What are generic drugs?
When a pharmaceutical company developed a new drug, they give it a chemical or generic name that reflects its chemical construction. The new drugs are also given a brand name (also known as proprietary name) for marketing purposes. The patents last 17-20 years (depending on when the drug was patented). During this “patent-protected” period, the company that developed the drug essentially owns all rights to that drug. Only that one company is allowed to manufacture, market, and sell the drug. After the patent expires or is invalidated, other generic drug companies can then produce the chemical drug at a much lower price because of greatly reduced research and development expense, and competition from many other generic drug companies.
Generic drugs are considered identical, or bioequivalent (i.e. when they show the same rate and extent of absorption in the human organism) to the brand-name originals. They contain the same active substances included in the same pharmaceutical form as the original product, but not possessing patent protection and have the same quality, efficacy, and safety. Generics may contain different inactive ingredients that do not have a therapeutic effect and may vary.
Are generic drugs as effective and safe as brand-name drugs?
YES! Generics are as effective and safe as brand-name drugs because the approval process for generic drugs is strict. A pharmaceutical company that manufactures a generic drug needs to prove that it is as effective and safe as its brand-name counterpart. The company must show that their generic product has the same effect on the body and manufactured to the same high standards before it can be registered and therefore sold to patients. The safety and quality of all generic products available on this site are without question. All have been through rigorous approval processes and are widely used.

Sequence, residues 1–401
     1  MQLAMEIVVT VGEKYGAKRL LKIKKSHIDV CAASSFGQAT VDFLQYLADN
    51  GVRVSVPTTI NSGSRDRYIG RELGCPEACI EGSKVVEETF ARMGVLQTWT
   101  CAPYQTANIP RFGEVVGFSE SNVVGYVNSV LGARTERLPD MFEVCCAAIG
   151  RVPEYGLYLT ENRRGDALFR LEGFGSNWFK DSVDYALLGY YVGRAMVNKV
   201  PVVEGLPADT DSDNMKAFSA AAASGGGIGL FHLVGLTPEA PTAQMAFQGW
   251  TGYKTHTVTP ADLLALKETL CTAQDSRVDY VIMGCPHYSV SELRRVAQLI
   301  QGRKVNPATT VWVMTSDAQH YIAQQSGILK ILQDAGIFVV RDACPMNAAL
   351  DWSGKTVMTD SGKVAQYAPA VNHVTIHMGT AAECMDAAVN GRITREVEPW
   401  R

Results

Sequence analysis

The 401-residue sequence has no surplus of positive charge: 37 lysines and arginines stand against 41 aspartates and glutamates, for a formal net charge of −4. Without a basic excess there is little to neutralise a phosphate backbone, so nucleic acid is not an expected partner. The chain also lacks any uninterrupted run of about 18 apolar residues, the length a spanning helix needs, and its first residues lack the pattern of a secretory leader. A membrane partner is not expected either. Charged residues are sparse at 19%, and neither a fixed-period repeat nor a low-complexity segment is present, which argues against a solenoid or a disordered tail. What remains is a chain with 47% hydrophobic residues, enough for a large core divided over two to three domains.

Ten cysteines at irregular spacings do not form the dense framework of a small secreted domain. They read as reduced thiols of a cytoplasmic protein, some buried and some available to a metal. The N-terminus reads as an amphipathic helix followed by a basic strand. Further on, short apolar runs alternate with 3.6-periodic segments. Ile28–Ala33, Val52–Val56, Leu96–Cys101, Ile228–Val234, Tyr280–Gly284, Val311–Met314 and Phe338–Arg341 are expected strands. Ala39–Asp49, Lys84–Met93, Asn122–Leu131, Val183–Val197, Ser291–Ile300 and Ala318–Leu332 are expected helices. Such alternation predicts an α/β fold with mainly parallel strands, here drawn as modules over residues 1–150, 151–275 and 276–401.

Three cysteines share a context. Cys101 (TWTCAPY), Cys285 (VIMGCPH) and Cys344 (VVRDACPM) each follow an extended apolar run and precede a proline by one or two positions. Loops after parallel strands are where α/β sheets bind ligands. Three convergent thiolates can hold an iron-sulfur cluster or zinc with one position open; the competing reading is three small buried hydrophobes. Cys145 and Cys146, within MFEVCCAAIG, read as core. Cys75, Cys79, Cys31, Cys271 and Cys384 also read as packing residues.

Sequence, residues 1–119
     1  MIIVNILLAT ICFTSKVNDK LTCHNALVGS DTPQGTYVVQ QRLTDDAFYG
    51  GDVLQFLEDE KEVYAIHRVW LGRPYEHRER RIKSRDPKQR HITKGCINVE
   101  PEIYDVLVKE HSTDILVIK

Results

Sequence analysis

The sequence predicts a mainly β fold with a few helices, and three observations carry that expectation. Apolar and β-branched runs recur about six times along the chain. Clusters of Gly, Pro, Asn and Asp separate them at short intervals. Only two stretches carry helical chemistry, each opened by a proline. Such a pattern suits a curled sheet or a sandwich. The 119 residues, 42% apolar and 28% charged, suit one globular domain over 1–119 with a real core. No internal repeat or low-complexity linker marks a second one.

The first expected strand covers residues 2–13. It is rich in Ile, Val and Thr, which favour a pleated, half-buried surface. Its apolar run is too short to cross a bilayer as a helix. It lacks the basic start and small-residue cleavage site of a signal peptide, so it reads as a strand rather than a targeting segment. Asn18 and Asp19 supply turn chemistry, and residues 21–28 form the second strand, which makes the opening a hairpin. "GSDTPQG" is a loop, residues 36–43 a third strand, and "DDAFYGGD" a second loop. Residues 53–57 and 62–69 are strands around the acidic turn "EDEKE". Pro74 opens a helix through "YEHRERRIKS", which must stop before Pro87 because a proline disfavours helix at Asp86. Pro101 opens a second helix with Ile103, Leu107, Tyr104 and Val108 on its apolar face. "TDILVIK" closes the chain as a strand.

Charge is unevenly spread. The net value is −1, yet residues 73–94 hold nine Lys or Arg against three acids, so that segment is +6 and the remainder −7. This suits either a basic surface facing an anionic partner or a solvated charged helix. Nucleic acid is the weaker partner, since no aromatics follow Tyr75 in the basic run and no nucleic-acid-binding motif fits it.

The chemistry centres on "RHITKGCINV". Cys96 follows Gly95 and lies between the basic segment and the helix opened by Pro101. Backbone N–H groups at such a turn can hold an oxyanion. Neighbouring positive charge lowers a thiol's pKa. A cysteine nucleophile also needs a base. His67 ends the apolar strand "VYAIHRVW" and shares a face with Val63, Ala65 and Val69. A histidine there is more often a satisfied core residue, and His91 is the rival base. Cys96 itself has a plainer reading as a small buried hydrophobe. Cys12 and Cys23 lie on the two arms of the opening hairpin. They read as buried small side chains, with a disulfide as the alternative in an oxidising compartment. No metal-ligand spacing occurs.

Do all drugs have a generic equivalent available?
Practically yes. An exception – unique preparations for cancer and AIDS treatment where any component matters.
Why do generic drugs cost less, than brand-name drugs?
Generic medicines are usually less expensive than their brand name equivalents. This is because their manufacture demands much smaller expenses, and because they are essentially copy products, the investment in developing them is less intensive. The cost price generics lower and consequently they are on sale at a lower price and keep profitableness.
Manufacturers generic do not spend money on:
1. The research and drug development
2. The advertising and advancement preparation
3. Obtaining certificates confirming of safety and efficacy of drugs
The price of the generics is 30%-80% lower than the price of the equivalent brands.